A great leg deserves another look Antiques: Spiral design from 1600s known as 'barley twist' or 'barley sugar' jumped back into favor a couple of centuries later.

Ever wonder how furniture designers get their ideas? Often they are inspired by furniture from past centuries.

One popular furniture technique is a type of wood turning that first appeared in England and France in the 1600s. Furniture with spiral-turned legs or trim was known as "barley twist" or "barley sugar," probably because it resembled sticks of barley sugar used at the time.


The twist was difficult to make of oak because that wood is brittle. It often was made of walnut or beech.

At first it was cut by hand, then after 1660 with the help of a lathe.


The twisted leg went out of style in the second half of the 18th century, when curved legs came into fashion. The 19th-century chair or table started with a straight leg, but by the 1850s some designers again used the twist.

Rococo revival designs were a blend of old designs for turnings, inlays and carvings, blended to make a new look.

New tools made it possible to create such legs of mahogany or rosewood and other woods too hard to have been used in earlier years.

I've saved an empty pack of cigarettes my father had. It has a picture of Gen. Dwight Eisenhower on it and the phrase "I Like Ike." Is it rare?

The Tobacco Blending Corp. of Louisville, Ky., made packs of cigarettes with the faces of presidential candidates Dwight D. Eisenhower and Adlai Stevenson. Some have just the men's portraits. Others have "I Like Ike" or "Stevenson for President."

A company spokesman said the Eisenhower cigarettes outsold the Stevenson brand.

The small tobacco company changed its name to World Tabac in and went out of business in 1993.

I have a 30-year-old bar of English complexion soap by Helena Rubinstein in its original box. The bar of soap is still fragrant. I've been considering using it, but wonder if it might have value.


Your Helena Rubinstein soap in its original box has value to collectors of cosmetics. The value is not great, however, so if you like the way it smells, use it. Save the box for its decorative value.

I inherited an 8-inch-high vase from my Russian-born grandmother. The glass is dark green at the top and lighter at the bottom. It has a gold overlay design of grapevines. Someone told me it is Moser glass. What can you tell me about it?

Ludwig Moser started his glassmaking shop in 1857 in Carlsbad, Austria. He made glassware for royal families around the world.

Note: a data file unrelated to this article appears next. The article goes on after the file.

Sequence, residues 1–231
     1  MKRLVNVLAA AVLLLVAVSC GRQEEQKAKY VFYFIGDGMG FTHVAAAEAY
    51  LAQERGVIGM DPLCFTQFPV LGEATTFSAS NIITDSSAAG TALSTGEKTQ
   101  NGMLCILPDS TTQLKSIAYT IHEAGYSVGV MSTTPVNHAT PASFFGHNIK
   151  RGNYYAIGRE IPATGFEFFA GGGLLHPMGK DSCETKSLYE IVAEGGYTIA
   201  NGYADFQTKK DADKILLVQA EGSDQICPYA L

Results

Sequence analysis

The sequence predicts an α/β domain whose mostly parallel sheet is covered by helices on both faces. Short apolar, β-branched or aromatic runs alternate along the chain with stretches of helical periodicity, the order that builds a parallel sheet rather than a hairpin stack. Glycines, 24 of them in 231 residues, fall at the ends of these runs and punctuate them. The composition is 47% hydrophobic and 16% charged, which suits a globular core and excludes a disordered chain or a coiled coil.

Intricate gold overlay, detailed hand-painting and variation in the colors of the glass are all Moser hallmarks.

Moser died in 1916. His sons continued his work, and the factory is still producing glassware. Your vase might be just a Moser type, and not done by the famous glassmaker. If it is of high quality, it could be worth $350.

I've had a toy metal dump truck since I was a child in the 1930s. It was made by the Dayton Friction Works. What can you tell me about it?


D. P. Clark started making wood and metal toys in Dayton, Ohio, in 1898. His company, Dayton Friction Works, was one of the first to use a friction motor, whereby a toy is activated by moving the toy against a surface and releasing it.

L Prewar metal toys in good condition sell for $200 to $1,000.

I have a brass lamp that has inkwells attached to the base. It has a green glass shade that is white glass on the inside. The lamp is marked "Ambrolite." Do you know how old it is?

Ambrolite was an American company that used cased glass shades made in Germany, Austria and Czechoslovakia. The imported shades were better and less expensive than the ones made in the United States.

The style of lamp you describe was popular in the 1920s.

I have a clear glass Planter's Peanuts jar with the name diagonally on the side. The raised lettering on the bottom says, "1940 Leap Year Jar."


If your 57-year-old Planter's jar still has the tin lid picturing Mr. Peanut and is in good condition, it would sell for $60 to $90.

Tip: When vacuuming an Oriental rug, don't push the sweeper too close to the fringe. Leave about 6 inches. The vacuum might catch a thread and pull it.

The Kovels welcome letters and answer as many as possible through the column. Write to Kovels, The Sun, King Features Syndicate Inc., 235 E. 45th St., New York, N.Y. 10017.

Pub Date: 2/16/97